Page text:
Health claim: A fixed carbohydrate : protein ratio ≤ 1.8

Health claim: A fixed carbohydrate : protein ratio ≤ 1.8

Following an application from Marks and Spencer PLC, submitted for authorisation of a health claim pursuant to Article 13(5) of Regulation (EC) No 1924/2006 via the Competent Authority of the United Kingdom, the EFSA Panel on Dietetic Products, Nutrition and Allergies (NDA) was asked to deliver an opinion on the scientific substantiation of a health claim related to a fixed carbohydrate : protein ratio ≤ 1.8 on an energy basis consumed in the context of an energy-restricted diet and reduction of body weight.

The scope of the application was proposed to fall under a health claim based on newly developed scientific evidence. The application included a request for the protection of proprietary data.

The general approach of the NDA Panel for the evaluation of health claim applications is outlined in the EFSA general guidance for stakeholders on health claim applications and the guidance on the scientific requirements for health claims related to appetite ratings, weight management, and blood glucose concentrations.

In the application, the food proposed by the applicant as the subject of the health claim is ‘a high-protein moderate-carbohydrate (HPMC) “macronutrient recipe” (used in a range of pre-prepared meals), which is a mixture of food ingredients/whole foods chosen to provide a macronutrient composition with a ratio of carbohydrate : protein (CHO:P) equal to or less than 1.8:1’.

Upon a request from the European Food Safety Authority (EFSA), the applicant acknowledged that the food/constituent that is the subject of the health claim is a CHO:P ratio < 1.8 on an energy basis in the context of an energy-restricted diet, which could be achieved by the combination of a wide range of foods belonging to several food categories in variable amounts. Foods or meals with a CHO:P ratio ≤ 1.8 on an energy basis, when consumed in the context of an energy-restricted diet, are proposed to bear the claim.

The Panel considers that the food/constituent that is the subject of the health claim, a fixed CHO:P ratio ≤ 1.8 on an energy basis to be consumed in the context of an energy-restricted diet, is sufficiently characterised.

The claimed effect proposed by the applicant is ‘reduction in total body weight in overweight adults, under energy restricted conditions’. The target population proposed by the applicant is ‘adults between the ages of 18 and 70 with excess body weight (BMI > 25 kg/m2)’. The Panel considers that reduction of body weight in the context of an energy restricted diet is a beneficial physiological effect.

The applicant provided a total of 16 human intervention studies for the scientific substantiation of the claim. The Panel considers that no conclusions can be drawn from two unpublished studies investigating the effect of a range of ready-to-eat meals with a CHO:P ratio ≤ 1.8 on an energy basis consumed in the context of an energy-restricted diet on body weight for the scientific substantiation of the claim.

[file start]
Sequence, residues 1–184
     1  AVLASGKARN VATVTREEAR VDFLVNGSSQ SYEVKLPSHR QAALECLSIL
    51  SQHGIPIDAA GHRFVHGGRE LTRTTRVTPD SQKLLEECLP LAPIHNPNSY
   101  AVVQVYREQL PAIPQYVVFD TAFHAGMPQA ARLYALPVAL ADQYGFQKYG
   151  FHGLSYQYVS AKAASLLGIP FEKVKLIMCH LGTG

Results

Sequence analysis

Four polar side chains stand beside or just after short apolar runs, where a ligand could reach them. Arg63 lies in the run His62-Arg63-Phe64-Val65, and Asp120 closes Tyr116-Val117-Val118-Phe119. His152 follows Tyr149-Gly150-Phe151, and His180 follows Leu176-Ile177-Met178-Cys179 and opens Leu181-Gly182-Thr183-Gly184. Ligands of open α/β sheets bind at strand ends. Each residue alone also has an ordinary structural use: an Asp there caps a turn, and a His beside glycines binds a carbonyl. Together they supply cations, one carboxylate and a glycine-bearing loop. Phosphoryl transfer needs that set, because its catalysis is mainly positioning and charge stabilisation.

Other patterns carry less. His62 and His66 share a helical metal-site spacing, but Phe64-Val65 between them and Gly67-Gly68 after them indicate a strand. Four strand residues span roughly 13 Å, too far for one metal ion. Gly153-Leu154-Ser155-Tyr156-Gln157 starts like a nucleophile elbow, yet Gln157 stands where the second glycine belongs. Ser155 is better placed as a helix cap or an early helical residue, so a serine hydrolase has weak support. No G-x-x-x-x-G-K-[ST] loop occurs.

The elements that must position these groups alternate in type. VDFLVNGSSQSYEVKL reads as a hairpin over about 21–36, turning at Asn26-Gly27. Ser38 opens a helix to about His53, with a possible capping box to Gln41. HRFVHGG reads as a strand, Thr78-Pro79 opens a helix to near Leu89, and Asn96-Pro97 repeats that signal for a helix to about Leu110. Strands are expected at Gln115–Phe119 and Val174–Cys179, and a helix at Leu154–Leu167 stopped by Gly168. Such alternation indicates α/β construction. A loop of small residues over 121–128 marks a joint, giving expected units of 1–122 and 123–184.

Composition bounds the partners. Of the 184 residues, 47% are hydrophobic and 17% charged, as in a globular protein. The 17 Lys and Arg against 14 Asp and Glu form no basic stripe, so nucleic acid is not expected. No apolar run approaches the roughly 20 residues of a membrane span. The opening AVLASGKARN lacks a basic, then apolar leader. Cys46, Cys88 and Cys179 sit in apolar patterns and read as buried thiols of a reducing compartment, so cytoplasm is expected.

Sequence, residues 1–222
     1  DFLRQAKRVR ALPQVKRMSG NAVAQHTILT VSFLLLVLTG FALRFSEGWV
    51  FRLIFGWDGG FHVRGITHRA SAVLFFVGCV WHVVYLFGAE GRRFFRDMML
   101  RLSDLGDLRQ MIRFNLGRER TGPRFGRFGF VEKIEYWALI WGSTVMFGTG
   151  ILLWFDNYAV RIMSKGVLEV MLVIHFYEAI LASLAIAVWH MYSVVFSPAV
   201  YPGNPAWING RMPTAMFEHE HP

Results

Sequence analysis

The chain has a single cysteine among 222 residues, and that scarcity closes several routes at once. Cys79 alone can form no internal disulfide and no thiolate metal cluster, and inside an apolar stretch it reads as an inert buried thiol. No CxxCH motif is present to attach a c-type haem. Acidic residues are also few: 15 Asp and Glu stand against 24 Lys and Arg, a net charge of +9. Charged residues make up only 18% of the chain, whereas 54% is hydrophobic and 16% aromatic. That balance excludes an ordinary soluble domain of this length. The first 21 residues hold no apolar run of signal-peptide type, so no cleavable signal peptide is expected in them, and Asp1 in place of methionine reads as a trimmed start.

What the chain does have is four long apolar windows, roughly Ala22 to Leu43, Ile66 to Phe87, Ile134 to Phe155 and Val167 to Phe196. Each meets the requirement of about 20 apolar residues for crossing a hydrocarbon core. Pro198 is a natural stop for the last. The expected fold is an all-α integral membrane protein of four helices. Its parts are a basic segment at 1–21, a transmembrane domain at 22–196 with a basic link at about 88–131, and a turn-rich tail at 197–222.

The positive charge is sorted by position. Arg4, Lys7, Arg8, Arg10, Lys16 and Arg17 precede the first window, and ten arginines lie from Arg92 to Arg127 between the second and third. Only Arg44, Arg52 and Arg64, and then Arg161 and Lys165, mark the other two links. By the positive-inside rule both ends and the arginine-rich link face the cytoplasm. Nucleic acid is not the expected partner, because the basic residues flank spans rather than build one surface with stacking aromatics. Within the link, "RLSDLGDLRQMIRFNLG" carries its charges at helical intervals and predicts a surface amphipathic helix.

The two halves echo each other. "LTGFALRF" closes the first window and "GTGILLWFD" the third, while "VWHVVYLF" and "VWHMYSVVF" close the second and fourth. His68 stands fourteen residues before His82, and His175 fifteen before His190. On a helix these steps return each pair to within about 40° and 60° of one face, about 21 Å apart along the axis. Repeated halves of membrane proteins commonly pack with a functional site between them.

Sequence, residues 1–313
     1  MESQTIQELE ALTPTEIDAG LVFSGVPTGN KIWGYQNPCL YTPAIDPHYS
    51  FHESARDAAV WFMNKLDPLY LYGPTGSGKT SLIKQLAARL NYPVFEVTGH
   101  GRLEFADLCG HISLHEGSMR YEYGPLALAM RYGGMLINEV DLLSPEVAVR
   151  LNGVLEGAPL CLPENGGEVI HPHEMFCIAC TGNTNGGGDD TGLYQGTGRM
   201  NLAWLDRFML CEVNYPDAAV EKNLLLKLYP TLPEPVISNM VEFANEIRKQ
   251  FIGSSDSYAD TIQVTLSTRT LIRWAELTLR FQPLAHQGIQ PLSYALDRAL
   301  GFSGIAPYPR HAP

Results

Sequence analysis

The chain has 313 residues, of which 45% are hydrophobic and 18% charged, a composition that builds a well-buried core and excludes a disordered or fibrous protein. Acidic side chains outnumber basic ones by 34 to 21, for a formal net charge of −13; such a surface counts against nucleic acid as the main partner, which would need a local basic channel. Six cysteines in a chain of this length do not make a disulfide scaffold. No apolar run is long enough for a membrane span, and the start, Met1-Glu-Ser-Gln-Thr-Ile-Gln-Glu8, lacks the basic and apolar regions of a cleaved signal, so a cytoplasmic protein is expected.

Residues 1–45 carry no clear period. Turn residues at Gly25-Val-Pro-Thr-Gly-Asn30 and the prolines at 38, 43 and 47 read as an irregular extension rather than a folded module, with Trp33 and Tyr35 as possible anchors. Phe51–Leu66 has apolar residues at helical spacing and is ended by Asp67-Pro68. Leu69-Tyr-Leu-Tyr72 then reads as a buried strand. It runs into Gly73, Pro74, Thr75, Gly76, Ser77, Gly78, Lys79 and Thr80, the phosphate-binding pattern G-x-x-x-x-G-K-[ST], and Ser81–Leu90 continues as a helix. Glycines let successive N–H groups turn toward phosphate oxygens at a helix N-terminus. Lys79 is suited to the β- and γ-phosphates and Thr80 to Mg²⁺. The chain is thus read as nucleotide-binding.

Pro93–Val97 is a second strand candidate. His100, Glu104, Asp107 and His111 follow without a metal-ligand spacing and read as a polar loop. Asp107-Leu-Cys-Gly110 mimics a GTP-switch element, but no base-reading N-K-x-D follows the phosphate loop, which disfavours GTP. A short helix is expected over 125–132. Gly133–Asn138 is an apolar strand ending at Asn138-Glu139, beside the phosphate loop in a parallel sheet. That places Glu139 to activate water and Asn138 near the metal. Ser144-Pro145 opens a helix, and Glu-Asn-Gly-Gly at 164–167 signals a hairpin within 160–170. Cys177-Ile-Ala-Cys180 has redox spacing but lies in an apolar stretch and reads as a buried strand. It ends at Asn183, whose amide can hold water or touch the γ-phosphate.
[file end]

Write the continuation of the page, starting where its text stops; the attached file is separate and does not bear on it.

The remaining 14 human intervention studies investigated the effect of diets targeting a CHO:P ratio ≤ 1.8 on an energy basis as compared to diets targeting a CHO:P ratio ≥ 3.0 on an energy basis on overweight and obese adults (BMI > 25 kg/m2) in the context of energy restriction.

The Panel notes that four out of seven studies lasting < 12 weeks reported an effect of a CHO:P ratio ≤ 1.8 on an energy basis consumed in the context of energy restriction on body weight in overweight/obese subjects, whereas no significant effect was observed in six out of the seven studies lasting 12 weeks or more. The Panel considers that these studies do not provide evidence for a sustained effect of the food/constituent on body weight.

In the absence of evidence for a sustained effect of a CHO:P ratio ≤ 1.8 on an energy basis consumed in the context of energy restriction on body weight, the studies provided by the applicant on the proposed mechanisms by which the food/constituent could exert the claimed effect were not considered by the Panel for the scientific substantiation of the claim.

On the basis of data presented, the Panel concludes that a cause and effect relationship has not been established between the consumption of a fixed CHO:P ratio ≤ 1.8 on an energy basis consumed in the context of an energy-restricted diet and reduction of body weight.

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Ria Van Hoef